Will the real Kurt Vonnegut please log on?

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Within the links and connections of the electronic world, myths propagate and flourish at a speed that cannot be attested to by prudence or fact. Consider: on May 31 Mary Schmich, a writer for The Chicago Tribune, wrote a column for the paper that began:

"Ladies and gentlemen of the class of l997: Wear sunscreen."

Soon after it was published, in a completely unrelated event, the Secretary General of the United Nations, Kofi Annan, delivered a commencement (awards) speech at the Massachusetts Institute of Technology (MIT).

A few days later, by a mysterious hand or in ways that have yet to be traced, the column became attributed to the novelist Kurt Vonnegut as a commencement speech he gave to the college. It was bounced around the world by e-mail, even Wired magazine extracted a passage, and it was celebrated wherever it went as the author's poignant guide to living.

Even Vonnegut's wife, photographer Jill Krementz, who did not doubt her husband was the author of the address, received it and sent it on to his children as an example of dad's cleverness and wisdom:

"Do one thing every day that scares you," the text continued.

"Sing.

"Don't be reckless with people's hearts. Don't put up with people who are reckless with yours.

"Floss."

One of the last to know, Vonnegut learnt of "his" work's existence when his agent told him a magazine wanted to reprint the speech he gave at MIT. More requests started pouring in until Schmich called to tell all to the perplexed author of works such as The Sirens of Titan and Slaughterhouse- Five.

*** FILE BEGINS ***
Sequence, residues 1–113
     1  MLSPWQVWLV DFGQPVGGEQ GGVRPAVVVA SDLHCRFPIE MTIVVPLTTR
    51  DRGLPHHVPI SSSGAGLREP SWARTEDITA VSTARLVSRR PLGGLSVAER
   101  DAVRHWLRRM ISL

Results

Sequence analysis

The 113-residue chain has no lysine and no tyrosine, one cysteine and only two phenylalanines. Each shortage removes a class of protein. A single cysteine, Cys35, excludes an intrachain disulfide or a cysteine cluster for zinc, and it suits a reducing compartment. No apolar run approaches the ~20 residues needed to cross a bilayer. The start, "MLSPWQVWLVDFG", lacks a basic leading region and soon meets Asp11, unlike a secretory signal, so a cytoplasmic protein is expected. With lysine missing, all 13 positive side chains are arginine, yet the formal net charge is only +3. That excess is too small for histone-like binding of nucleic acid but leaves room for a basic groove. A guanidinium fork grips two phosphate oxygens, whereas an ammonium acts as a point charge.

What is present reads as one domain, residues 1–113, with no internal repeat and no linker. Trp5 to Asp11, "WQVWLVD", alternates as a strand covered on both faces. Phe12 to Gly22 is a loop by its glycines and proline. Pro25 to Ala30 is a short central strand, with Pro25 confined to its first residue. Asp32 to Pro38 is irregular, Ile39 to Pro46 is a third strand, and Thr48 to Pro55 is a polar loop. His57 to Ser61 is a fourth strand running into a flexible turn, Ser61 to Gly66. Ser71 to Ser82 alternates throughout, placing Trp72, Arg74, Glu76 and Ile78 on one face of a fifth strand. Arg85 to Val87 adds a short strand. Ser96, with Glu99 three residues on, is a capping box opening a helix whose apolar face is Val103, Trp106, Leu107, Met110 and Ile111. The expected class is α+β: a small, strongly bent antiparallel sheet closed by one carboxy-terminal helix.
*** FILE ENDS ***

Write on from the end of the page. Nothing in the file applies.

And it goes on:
The 74-year-old writer has as little idea as anyone else as to how this cyberhoax - or cyber mistake - was born and the mystery has done nothing to soften his long-held antipathy toward computers and the Internet as a part of the future not worth trusting. "How can I tell if I'm being kidded or not, or lied to," he told the New York Times. "I don't know what the point is except how gullible people are on the Internet."

Schmich, 43, who once read Vonnegut's novel Cat's Cradle, at university, denies imitating the author's bitter-sweet style. Putting Vonnegut's name on her writing, she wrote in a later column, "would be like sticking a Calvin Klein label on a pair of K-Mart jeans".

The experience has left her feeling much as Vonnegut does - especially as she has been criticised for damaging the integrity of the Internet. "I thought it was just one of the curiosities of cyberspace," she said. "But having been roped into it in a very personal way, it seems less merely interesting and more dangerous."

And that would seem to be that - except that feverish imaginations are still constructing conspiracy theories to support a belief that Vonnegut is the author of the address despite his denials. "This is part of a promotion for an upcoming Vonnegut book," one electronic news group writer wrote. "One of the characters in the book is a newspaper columnist and guess what her name is: Mary Schmich."

No word yet from Kofi Annan.

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